This is the second of Philippe Herreweghe's Bach cantata recordings for Virgin Classics. I reviewed the earlier disc very enthusiastically (5/93) and so approached this one eagerly and with a degree of confidence that has proved well founded. The three pieces included here are mature examples of Bach's cantata writing; two of them, Nos. 93 and 107, were written in 1724 for the Fifth and Seventh Sundays after Trinity respectively, and thus belong to Bach's great second cycle in which he concentrated on a chorale-based scheme. No. 93 is founded on a mid-seventeenth-century hymn by Georg Neumark and No. 107 on another of the same period by Johann Heermann. The remaining cantata, No. 39, slightly later and of a different compositional type, is constructed along the lines of several by Bach's cousin at Meiningen, Johann Ludwig Bach, whose pieces Bach sometimes performed at Leipzig at this time. It is a masterly work, above all in the concerto-like construction of the opening chorus, scored for voices with treble recorders, oboes and strings.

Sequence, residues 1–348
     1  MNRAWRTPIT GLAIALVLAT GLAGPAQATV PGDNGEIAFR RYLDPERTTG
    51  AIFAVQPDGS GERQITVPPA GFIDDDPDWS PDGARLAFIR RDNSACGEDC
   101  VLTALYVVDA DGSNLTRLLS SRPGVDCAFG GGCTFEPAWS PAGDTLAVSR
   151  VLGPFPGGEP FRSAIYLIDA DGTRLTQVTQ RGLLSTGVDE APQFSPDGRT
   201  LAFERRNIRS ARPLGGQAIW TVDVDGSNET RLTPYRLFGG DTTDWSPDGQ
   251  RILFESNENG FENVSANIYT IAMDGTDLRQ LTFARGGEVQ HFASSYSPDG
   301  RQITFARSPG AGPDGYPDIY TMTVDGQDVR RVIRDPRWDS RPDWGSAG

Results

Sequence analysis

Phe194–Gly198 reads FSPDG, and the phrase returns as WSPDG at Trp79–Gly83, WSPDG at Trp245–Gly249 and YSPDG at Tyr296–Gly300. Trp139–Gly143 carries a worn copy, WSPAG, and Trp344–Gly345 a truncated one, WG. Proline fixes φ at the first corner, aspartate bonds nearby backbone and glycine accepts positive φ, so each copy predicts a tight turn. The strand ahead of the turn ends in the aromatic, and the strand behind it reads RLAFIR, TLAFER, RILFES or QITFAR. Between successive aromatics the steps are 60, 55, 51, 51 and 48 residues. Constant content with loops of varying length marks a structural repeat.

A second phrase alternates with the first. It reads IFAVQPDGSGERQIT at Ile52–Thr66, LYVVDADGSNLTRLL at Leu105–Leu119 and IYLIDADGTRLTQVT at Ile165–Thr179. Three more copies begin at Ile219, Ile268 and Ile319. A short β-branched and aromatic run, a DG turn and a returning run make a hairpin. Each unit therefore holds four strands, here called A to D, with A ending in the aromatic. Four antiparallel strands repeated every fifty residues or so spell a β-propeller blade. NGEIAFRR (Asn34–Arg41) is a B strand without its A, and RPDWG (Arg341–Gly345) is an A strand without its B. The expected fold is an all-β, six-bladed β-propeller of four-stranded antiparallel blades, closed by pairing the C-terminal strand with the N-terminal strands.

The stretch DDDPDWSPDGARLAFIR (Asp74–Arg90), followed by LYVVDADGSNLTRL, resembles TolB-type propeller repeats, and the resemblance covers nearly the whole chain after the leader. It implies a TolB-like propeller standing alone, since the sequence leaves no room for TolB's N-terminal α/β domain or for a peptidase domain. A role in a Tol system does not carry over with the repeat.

For this recording Herreweghe has used a solo line-up slightly changed from the previous one. Here, Barbara Schlick has been replaced by Agnes Mellon, and Gerard Lesne by Charles Brett. Howard Crook and Peter Kooy are common to both discs. On balance there is little to choose between them and preferences one way or the other will depend more upon personal taste than any technical disparity. Agnes Mellon is beguiling both in her three arias—one per cantata—and in her duo with Charles Brett, though she lacks the linguistic assurance of Schlick who is the more experienced Bach singer. Brett is sensitive in his single aria (No. 39) and effectively balances Mellon in the above-mentioned duet (No. 93). Both Crook and Kooy are on characteristically fine form, dealing confidently and expressively with Bach's often virtuoso writing. Crook's account of ''Drum ich mich ihm ergebe'' (No. 107) is delightful, furthermore revealing Bach in distinctly rococo clothes. Enjoyable, too, are the contributions from the Chorus and Orchestra of the Ghent Collegium Vocale. The string continuo playing has greater assurance than in some of Herreweghe's earlier cantata recordings and, as usual, the oboe playing of Marcel Ponseele is a constant pleasure, above all for his poetic phrasing and communicative articulation. An excellent recorded sound sets the seal on a fine issue. Strongly recommended.'